'HOST': '',                      # Set to empty string for localhost. Not used with sqlite3.
        'PORT': '',                      # Set to empty string for default. Not used with sqlite3.
    }
}

# Now go to the end of the file:
# Parse database configuration from $DATABASE_URL
import dj_database_url
DATABASES['default'] = dj_database_url.config()

# Honor the 'X-Forwarded-Proto' header for request.is_secure()
SECURE_PROXY_SSL_HEADER = ('HTTP_X_FORWARDED_PROTO', 'https')

The file for the example project used here should already have the dj_database_url lines. The SECURE_PROXY_SSL_HEADER setting is used by Django to confirm that a request served from behind a proxy is being served as HTTPS.

Problems with Steps 3, 4, and 4A:

As it turns out, it’s supposed to be possible to get the site working with gunicorn as the server. As this would require substantial changes to Parts 3, 4, and 4A, I might just write a new article as an addition to this one, instead of trying to further revise the existing one.

In large part the problems with gunicorn and collectstatic stemmed from needing to run python manage.py collectstatic locally, and then to set DEBUG = False in settings.py.

One of our instructors, Yongwen Xu, gave this explanation:

6. “collectstatic” and “gunicorn” issues:
The static file handling is confusing both in Django and Heroku. One culprit is the flag “DEBUG” whose default value is set to True in settings.py. When the DEBUG flag is true, “manage.py runserver” will serve the static files automatically from the STATIC_ROOT and STATICFILES_DIRS settings, as defined in settings.py (“PROJECT_ROOT/site_media/static” and “PROJECT_ROOT/static”).
That is why students did not encounter this problem when using the “runserver” command locally and on Heroku.

The DEBUG setting is not honored by gunicorn, which is a server intended for production deployment (in which case the DEBUG flag should be set to false). So, when using gunicorn, the static files are NOT automatically served from STATIC_ROOT, thus, we don’t see any style in the app page, as in Jordan’s case.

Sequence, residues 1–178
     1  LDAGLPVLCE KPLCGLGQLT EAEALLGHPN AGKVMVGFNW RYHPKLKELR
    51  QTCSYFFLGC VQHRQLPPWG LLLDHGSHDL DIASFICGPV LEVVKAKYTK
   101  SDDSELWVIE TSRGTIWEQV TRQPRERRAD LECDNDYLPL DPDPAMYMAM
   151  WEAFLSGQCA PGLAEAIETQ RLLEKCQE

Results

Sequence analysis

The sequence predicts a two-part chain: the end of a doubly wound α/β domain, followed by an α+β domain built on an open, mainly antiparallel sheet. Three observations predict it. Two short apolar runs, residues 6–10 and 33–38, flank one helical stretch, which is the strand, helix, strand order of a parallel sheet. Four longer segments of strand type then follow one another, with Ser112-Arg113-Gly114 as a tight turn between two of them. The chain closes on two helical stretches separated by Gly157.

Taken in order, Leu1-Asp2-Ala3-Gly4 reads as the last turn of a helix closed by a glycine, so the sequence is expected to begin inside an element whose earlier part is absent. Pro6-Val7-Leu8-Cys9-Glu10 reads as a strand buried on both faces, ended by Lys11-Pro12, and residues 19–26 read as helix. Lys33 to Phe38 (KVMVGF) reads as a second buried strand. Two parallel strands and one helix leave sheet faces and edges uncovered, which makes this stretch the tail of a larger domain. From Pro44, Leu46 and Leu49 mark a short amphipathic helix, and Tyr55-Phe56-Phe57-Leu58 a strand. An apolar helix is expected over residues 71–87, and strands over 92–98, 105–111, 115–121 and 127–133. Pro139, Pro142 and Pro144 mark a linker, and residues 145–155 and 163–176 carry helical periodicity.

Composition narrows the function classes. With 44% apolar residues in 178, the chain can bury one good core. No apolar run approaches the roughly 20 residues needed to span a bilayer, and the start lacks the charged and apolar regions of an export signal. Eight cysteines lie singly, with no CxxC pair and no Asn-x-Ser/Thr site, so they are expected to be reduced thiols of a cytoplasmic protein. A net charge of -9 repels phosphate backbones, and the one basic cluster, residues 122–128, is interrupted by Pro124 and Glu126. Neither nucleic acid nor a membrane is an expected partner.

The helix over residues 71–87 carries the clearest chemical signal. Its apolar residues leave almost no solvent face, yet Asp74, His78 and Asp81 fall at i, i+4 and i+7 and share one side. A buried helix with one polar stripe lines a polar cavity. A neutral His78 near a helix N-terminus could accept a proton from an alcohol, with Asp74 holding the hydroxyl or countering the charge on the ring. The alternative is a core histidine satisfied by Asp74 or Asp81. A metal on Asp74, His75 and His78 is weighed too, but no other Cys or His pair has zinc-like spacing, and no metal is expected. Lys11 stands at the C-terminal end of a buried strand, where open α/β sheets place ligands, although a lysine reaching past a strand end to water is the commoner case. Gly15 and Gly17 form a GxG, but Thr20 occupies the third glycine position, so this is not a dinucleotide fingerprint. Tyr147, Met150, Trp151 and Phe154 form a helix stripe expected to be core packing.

One way we could improve the system is to add the following line to the urls.py, to explicitly tell the server to serve the static files from STATIC_ROOT:

urlpatterns += patterns('',
    (r'^' + settings.STATIC_URL[1:] + '(?P.*)$', 'django.views.static.serve',
         {'document_root': settings.STATIC_ROOT}), )

(Some text omitted…)

For local development, it’s best to always run “collectstatic”, so that the static files from both the app and the django admin are copied to the /site_media/static directory. Otherwise, even [if] the DEBUG flag is set to True, the style for the django admin interface will not be available because the admin static files are not in /site_media/static or /static dir.

On Heroku, the “collectstatic” is normally run by heroku automatically. see below on how to disable this:
https://devcenter.heroku.com/articles/django-assets

As a result of all this, for local development, “manage.py runserver” is easiest, while for production deployment, using “gunicorn” is recommended.

I will work on further revisions to the Part 2 post later, as time allows.

Advertisements